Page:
Monday, September 10, 2012

Be My Chouquette

We've covered the subject that eating in France is a very communal, group-type experience. 
In the United States, meetings have food as an accessory: hey, grab another donut while we discuss our turnover growth!
In France, well, food has meetings as an accessory. In the workplace, there's always some kind of occasion that justifies breakfast or a goûter. Whenever someone wants to announce a pregnancy, an engagement, or just a general happy mood, chances are they'll stroll into the office with a big bag from the local boulangerie.
If there's a breakfast get-together "just because", chances are any meetings might be delayed by a few - or 5, or 10 - minutes. I mean look, we're talking breakfast here. Flaky, buttery dough. Isn't that enough to put work aside for a while? 

Breakfast get-together food isn't just random cake. If you really want to nail an office breakfast, here's the key. Grab some mini-pastries to make everyone happy. Most of the time, half of your colleagues will reach for the pain au chocolat, or chocolate croissant. Wouldn't you?!?

A minority goes for the raisin roll - given the choice between chocolate and raisins, if you can't have Raisinets, I think you'd go for the same as I would. Now imagine what happens when there's only one of those chocolate croissants left. War?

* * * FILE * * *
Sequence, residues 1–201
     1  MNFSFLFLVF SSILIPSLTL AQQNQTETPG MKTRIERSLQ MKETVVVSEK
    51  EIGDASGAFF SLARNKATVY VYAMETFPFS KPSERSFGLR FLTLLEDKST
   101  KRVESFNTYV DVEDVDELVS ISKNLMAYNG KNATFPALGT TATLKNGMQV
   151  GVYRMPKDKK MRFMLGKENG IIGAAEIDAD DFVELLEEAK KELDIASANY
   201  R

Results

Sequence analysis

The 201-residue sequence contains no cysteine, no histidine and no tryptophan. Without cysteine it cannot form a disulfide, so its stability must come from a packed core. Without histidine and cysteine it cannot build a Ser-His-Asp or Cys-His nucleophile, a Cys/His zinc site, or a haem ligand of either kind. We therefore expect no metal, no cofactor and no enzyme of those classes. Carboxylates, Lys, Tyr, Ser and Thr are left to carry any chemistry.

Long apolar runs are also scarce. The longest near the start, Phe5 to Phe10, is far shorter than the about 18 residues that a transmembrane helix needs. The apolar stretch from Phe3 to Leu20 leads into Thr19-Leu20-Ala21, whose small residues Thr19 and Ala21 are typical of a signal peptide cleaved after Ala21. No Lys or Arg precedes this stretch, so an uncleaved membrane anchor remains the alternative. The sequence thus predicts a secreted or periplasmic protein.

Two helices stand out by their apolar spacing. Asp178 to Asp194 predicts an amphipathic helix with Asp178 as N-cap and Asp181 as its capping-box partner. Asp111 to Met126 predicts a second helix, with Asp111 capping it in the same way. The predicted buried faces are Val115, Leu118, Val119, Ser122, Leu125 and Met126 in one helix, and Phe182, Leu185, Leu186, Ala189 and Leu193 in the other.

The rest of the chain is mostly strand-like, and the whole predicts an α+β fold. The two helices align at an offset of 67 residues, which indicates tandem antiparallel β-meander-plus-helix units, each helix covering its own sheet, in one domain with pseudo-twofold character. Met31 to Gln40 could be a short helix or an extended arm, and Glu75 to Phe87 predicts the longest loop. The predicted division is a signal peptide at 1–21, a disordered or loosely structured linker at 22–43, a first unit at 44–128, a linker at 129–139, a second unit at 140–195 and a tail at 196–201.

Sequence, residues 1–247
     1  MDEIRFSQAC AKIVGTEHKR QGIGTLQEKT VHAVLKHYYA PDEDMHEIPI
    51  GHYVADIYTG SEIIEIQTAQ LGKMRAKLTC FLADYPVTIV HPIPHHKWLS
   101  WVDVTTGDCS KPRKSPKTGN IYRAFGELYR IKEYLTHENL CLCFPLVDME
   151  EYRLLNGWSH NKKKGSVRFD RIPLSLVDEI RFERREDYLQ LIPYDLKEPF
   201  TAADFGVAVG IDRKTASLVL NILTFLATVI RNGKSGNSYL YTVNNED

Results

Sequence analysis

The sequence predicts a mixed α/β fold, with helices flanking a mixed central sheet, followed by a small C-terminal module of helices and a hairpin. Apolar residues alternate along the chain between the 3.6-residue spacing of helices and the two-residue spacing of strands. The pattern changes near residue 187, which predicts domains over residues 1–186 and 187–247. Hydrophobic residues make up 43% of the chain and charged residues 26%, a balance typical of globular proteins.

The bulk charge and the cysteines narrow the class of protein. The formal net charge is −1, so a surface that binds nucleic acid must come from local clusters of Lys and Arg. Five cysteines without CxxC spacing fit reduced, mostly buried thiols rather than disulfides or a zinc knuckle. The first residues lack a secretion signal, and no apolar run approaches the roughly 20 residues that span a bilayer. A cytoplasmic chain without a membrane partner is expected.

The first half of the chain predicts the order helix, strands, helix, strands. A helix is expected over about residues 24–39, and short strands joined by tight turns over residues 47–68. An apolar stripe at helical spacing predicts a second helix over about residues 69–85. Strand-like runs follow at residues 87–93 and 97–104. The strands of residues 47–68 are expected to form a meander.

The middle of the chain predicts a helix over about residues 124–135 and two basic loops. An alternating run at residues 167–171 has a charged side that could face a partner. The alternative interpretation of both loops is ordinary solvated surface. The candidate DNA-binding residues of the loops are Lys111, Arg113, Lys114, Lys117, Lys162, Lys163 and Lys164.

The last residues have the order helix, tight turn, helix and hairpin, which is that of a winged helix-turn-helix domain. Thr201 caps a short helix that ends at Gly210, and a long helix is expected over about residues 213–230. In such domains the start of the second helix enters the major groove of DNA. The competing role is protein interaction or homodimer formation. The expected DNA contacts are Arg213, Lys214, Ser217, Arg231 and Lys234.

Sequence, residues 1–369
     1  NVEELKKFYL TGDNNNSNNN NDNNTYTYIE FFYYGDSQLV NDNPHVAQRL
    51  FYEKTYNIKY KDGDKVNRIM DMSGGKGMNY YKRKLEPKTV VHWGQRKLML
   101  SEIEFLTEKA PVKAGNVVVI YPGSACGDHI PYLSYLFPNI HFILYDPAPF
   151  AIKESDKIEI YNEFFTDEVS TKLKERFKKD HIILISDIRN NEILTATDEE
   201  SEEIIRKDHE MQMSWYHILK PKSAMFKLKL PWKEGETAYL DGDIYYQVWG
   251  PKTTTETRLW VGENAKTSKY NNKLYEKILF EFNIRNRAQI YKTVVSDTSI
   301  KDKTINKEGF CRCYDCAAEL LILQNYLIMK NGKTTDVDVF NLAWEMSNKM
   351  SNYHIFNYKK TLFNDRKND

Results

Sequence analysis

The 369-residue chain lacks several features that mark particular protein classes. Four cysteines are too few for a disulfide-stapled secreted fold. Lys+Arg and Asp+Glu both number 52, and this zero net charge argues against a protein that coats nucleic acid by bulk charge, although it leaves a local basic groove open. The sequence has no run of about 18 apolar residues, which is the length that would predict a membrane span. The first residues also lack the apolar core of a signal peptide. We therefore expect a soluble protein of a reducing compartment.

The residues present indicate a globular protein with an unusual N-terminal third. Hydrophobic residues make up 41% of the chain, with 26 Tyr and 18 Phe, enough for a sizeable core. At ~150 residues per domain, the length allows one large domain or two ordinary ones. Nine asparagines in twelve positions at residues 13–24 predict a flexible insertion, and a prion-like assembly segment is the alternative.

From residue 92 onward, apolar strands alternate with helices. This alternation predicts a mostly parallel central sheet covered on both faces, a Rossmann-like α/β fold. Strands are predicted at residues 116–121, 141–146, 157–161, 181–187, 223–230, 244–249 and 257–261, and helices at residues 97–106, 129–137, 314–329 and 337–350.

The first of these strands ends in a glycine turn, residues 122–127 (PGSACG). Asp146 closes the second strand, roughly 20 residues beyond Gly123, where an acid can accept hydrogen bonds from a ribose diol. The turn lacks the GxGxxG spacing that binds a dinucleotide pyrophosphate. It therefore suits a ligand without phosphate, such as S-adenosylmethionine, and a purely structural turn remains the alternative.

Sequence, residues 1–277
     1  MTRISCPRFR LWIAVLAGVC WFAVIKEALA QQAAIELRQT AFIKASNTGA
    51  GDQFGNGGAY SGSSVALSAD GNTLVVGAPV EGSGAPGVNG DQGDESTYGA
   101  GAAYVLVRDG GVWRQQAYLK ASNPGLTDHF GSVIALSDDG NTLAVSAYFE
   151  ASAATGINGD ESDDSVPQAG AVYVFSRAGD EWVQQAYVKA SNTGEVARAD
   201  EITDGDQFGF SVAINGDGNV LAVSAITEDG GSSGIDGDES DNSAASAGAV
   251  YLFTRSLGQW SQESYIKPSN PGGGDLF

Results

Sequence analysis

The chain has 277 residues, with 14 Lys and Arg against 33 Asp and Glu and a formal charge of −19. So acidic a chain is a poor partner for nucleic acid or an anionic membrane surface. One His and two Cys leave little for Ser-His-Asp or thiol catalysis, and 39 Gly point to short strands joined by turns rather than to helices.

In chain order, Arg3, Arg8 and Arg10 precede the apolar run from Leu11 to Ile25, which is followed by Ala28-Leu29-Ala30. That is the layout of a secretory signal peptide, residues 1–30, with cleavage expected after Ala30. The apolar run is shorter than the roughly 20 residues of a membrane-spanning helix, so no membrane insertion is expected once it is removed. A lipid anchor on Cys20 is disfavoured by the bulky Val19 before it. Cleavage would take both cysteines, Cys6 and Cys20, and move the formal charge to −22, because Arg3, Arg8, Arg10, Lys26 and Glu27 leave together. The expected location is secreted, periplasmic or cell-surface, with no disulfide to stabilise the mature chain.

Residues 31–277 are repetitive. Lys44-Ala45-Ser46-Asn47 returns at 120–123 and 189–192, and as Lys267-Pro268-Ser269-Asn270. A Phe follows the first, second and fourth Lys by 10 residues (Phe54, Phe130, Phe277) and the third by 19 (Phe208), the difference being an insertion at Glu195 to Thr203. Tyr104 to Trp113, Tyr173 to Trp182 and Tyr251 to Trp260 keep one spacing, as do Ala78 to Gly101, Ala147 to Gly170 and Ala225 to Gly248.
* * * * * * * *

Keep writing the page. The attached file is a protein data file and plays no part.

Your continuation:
Nope! Enter the chouquettes. 

Chou-who? Chouquettes. You've heard of the word chou, which means cabbage but is also a tender "honey"-like nickname. The chouquette is something else altogether. This chouquette here is a staple, no wait, a foundation of French breakfast get-togethers. I've made them before, you might remember. They're the most simple pastry ever, it would seem: chou pastry dough and sugar. That's it.

Easy does it, right? Now factor in how many eggs you use to achieve optimal moisture. How the sugar should be sprinkled all over, even around the edges, for the extra crispy, extra caramelized sugary taste that makes a good chouquette so special. Honestly, aside for fun, there's no real reason to make your own chouquettes at home. You can get a dozen golf ball-sized treats for 2 euros, and have the immense privilege of eating them straight from the paper bag. Which means, digging for all the little pieces of sugar that fall off, creating a mound of sugar that's just waiting for you. 

Chouquettes culturally have that special something that makes everyone enjoy them, or at least the idea of them. Cute little mounds of sugar that make everyone around smile - what's better than that? Move over, Mean Girls: chouquettes are what really gives you the cool factor during recess. (Or office breakfast, but you get the point)